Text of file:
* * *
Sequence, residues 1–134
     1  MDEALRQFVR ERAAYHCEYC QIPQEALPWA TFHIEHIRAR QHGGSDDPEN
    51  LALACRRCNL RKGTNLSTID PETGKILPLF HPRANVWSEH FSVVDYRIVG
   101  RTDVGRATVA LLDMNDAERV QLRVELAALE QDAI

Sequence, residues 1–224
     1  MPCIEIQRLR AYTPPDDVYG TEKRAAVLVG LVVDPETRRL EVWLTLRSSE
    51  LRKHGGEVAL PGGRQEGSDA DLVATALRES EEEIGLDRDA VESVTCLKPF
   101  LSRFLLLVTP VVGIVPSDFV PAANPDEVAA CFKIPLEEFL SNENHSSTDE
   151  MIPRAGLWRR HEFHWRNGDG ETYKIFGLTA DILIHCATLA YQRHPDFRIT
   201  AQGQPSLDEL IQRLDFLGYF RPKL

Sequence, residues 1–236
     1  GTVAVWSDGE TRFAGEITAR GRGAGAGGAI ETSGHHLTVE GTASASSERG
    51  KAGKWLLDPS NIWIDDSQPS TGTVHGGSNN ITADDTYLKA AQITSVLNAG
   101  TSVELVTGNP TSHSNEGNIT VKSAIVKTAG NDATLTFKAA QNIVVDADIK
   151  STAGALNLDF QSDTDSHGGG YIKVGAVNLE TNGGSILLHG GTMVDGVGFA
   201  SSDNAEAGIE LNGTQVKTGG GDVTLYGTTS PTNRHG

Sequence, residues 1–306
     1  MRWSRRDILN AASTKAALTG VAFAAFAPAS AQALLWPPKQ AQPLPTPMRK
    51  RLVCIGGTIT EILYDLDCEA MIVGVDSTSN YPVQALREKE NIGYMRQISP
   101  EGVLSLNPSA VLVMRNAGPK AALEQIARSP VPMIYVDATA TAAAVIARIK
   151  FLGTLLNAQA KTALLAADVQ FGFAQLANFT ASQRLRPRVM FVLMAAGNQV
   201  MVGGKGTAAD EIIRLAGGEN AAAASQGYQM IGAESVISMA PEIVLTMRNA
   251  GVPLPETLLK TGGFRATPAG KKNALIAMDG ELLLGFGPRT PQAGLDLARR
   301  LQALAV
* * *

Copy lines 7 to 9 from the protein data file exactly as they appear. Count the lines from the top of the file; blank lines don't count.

    51  LRKHGGEVAL PGGRQEGSDA DLVATALRES EEEIGLDRDA VESVTCLKPF
   101  LSRFLLLVTP VVGIVPSDFV PAANPDEVAA CFKIPLEEFL SNENHSSTDE
   151  MIPRAGLWRR HEFHWRNGDG ETYKIFGLTA DILIHCATLA YQRHPDFRIT